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Did you say 99,000!!

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  • Matthew McNulty
    Don, Cathy, Did I see that correctly?!? The zim dollars that I have sitting in front of me are really that worthless. At least they still remind me of me one
    Message 1 of 5 , Mar 10, 2006
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      Don, Cathy,
      Did I see that correctly?!?
      The zim dollars that I have sitting in front of me are really that worthless.  At least they still remind me of me one hell of a trip and some great times.  I guess that I will keep them...
      Matt


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    • Don & Cathy Weber
      I have a confession but you have to hear my story which accompanies the confession. At close of service we came home via Harare. Cathy attended a 3 day
      Message 2 of 5 , Mar 10, 2006
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        I have a confession but you have to hear my story which accompanies the confession.
         
        At close of service we came home via Harare. Cathy attended a 3 day conference for regional physical therapists and I took on the responsibilities of social director for the two of us. We shopped, we ate, we browsed and just soaked in the atmosphere of the city that recharged the batteries of all of us who took advantage of it for R&R. We loved Harare but knew that in a few days we would be forever loving Harare from afar.
         
        Now, in addition to being the social director, I assumed the responsibilities of the banker as well. Knowing that in a few days, "we would be forever loving Harare from afar", I made sure my exchanges for Zim dollars were going to be right down to having just enough left for the taxi to the airport. Old Mr. Slick was constantly counting money and calculating. I was proud of myself because according to my calculations, "I done good".
         
        About 6 months after we returned home and reacclimated ourselves to the fast pace of our hometown (Snelling, CA, Pop. 300) I was rummaging around a dresser drawer. I saw one of my travel wallets. I opened it. Now since all of you know where this story is going, my confession is a foregone conclusion.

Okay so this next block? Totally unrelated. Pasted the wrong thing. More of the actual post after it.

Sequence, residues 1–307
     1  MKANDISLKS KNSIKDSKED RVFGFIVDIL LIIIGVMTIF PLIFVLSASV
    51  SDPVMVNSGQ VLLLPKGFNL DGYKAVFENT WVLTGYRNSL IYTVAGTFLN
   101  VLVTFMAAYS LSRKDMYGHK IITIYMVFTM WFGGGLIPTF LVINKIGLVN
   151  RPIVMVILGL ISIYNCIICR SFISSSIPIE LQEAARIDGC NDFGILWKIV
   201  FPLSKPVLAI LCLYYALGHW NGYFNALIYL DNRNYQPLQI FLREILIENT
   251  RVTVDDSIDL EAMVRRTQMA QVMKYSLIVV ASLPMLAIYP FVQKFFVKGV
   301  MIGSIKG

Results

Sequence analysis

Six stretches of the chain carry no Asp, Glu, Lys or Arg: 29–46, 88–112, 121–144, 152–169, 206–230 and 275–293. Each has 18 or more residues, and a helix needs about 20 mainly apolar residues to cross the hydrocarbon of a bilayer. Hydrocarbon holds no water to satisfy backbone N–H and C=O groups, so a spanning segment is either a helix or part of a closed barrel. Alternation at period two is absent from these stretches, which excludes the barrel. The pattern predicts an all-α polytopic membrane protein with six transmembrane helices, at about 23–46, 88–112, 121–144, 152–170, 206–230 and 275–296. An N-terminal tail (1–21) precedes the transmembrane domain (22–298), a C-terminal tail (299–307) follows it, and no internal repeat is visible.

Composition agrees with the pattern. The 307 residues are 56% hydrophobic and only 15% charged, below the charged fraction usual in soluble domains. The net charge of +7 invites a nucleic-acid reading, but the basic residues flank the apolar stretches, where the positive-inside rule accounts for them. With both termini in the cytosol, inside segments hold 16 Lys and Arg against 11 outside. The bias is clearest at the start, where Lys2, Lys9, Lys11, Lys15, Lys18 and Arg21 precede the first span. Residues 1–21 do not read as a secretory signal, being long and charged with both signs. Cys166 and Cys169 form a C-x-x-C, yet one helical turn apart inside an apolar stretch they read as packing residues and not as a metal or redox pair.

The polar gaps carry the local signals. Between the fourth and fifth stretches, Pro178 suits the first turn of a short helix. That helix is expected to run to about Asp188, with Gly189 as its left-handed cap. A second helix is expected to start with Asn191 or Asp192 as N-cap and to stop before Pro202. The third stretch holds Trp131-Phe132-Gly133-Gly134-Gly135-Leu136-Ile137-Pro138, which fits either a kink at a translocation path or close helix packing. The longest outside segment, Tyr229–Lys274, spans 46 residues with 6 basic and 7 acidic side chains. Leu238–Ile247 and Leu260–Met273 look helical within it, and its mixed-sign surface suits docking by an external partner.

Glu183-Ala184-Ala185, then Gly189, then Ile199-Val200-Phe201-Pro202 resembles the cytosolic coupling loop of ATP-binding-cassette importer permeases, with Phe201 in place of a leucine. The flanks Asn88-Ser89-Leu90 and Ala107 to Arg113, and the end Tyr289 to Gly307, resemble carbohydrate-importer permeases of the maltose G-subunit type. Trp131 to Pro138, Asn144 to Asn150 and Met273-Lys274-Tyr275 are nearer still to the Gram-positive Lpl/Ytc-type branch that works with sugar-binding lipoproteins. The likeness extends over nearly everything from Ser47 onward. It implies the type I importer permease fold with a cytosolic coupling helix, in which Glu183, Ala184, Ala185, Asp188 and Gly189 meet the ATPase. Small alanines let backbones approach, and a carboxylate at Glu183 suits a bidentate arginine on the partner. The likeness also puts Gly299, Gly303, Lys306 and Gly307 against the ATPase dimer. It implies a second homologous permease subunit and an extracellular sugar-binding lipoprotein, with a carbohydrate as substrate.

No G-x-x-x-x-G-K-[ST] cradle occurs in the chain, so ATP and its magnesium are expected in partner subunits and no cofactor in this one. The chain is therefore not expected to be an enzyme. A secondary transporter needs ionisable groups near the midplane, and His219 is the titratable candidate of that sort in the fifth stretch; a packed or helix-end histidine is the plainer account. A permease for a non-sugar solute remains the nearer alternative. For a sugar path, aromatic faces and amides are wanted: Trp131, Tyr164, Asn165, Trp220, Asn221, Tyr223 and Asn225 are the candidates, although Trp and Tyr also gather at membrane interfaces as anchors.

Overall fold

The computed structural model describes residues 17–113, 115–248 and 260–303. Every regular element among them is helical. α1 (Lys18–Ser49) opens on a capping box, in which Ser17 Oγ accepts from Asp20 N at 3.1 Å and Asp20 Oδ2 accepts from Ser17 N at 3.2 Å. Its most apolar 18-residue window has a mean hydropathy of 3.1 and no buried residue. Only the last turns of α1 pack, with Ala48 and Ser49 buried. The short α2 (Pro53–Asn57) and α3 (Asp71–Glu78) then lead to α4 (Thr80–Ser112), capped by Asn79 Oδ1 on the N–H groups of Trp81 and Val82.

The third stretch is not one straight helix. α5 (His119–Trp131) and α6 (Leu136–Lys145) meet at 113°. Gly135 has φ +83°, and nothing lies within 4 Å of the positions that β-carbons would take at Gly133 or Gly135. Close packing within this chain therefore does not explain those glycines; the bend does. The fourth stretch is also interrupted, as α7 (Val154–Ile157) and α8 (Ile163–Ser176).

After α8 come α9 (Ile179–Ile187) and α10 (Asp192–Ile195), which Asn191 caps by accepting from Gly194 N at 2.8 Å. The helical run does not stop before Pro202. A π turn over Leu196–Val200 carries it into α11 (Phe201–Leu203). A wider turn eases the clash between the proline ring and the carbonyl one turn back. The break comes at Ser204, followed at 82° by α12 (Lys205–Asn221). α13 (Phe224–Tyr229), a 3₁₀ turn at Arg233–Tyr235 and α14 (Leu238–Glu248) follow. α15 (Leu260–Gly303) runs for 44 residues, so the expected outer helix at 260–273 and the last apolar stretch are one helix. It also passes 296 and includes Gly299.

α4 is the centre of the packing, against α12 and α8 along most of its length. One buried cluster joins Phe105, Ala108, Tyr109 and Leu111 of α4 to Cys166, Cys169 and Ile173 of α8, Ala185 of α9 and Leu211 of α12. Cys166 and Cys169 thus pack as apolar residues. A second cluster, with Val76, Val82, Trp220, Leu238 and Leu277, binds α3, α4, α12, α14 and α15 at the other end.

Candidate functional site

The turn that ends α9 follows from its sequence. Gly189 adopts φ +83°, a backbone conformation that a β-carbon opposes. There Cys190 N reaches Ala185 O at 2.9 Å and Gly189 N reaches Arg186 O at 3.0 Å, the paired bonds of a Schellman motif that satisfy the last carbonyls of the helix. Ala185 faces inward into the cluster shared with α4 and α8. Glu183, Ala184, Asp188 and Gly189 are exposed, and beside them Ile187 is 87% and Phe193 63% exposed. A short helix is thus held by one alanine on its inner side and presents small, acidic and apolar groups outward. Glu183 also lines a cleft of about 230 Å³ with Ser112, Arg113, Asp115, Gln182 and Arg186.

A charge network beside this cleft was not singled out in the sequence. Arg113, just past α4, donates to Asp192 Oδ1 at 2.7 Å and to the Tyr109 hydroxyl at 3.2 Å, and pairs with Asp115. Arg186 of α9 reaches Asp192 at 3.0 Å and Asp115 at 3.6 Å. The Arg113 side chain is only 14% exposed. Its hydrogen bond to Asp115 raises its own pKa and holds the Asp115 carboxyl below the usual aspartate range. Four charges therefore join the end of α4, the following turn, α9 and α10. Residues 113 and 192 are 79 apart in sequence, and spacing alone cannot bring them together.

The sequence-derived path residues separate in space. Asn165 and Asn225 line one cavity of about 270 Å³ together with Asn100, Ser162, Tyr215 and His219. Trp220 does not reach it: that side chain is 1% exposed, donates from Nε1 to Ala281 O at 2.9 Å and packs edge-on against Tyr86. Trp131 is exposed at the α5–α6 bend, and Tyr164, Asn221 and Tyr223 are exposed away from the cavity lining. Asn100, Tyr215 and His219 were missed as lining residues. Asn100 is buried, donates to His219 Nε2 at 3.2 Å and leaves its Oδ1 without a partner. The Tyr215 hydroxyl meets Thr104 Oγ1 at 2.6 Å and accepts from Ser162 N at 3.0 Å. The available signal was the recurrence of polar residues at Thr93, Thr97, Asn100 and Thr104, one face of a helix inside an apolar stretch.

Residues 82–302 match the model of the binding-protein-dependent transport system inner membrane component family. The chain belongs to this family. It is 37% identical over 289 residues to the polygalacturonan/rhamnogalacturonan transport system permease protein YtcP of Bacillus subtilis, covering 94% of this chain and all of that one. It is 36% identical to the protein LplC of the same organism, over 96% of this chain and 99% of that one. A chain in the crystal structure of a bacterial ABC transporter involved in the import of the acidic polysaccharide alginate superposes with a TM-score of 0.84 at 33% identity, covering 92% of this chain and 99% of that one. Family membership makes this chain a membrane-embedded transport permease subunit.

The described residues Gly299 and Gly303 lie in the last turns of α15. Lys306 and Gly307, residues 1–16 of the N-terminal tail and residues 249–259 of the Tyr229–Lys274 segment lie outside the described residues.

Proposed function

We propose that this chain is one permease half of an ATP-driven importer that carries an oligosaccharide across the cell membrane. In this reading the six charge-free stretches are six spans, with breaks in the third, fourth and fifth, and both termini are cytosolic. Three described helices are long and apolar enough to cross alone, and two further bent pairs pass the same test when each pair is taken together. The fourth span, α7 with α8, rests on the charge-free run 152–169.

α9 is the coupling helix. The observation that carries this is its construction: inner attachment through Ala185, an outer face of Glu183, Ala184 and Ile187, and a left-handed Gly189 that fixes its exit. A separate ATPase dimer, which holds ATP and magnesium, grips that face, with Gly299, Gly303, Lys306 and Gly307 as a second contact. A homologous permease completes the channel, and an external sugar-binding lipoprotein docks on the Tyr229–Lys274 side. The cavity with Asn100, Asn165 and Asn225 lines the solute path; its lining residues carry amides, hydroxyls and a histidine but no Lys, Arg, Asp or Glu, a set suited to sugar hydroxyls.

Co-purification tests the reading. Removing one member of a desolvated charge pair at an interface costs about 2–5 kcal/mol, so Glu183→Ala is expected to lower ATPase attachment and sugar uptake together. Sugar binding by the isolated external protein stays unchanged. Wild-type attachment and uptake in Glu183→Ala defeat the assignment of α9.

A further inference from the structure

Matt, your E-mail prompted me to go back to that wallet. As I write this E-mail I have the tragic reminder sitting on the desk---979 Zim Dollars. It WAS a lot of money wasn't it. It still brings Mr. Slick to the brink of tears.
         
        Do you think Paul might reimburse me so I can remove this trauma once and for all?   Don
        ----- Original Message -----
        Sent: Friday, March 10, 2006 2:41 PM
        Subject: [ujeni] Did you say 99,000!!

        Don, Cathy,
        Did I see that correctly?!?
        The zim dollars that I have sitting in front of me are really that worthless.  At least they still remind me of me one hell of a trip and some great times.  I guess that I will keep them...
        Matt


        Yahoo! Mail
        Bring photos to life! New PhotoMail makes sharing a breeze.

      • Paul DEVER
        Sure...let me cut a penny into ten pieces and give you ONE piece...... ... From: Don & Cathy Weber Reply-To: ujeni@yahoogroups.com To:
        Message 3 of 5 , Mar 10, 2006
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          Sure...let me cut a penny into ten pieces and give you ONE piece......

          ----Original Message Follows----
          From: "Don & Cathy Weber" <weber@...>
          Reply-To: ujeni@yahoogroups.com
          To: <ujeni@yahoogroups.com>
          Subject: Re: [ujeni] Did you say 99,000!!
          Date: Fri, 10 Mar 2006 16:58:32 -0800

          I have a confession but you have to hear my story which accompanies the
          confession.

          At close of service we came home via Harare. Cathy attended a 3 day
          conference for regional physical therapists and I took on the
          responsibilities of social director for the two of us. We shopped, we ate,
          we browsed and just soaked in the atmosphere of the city that recharged the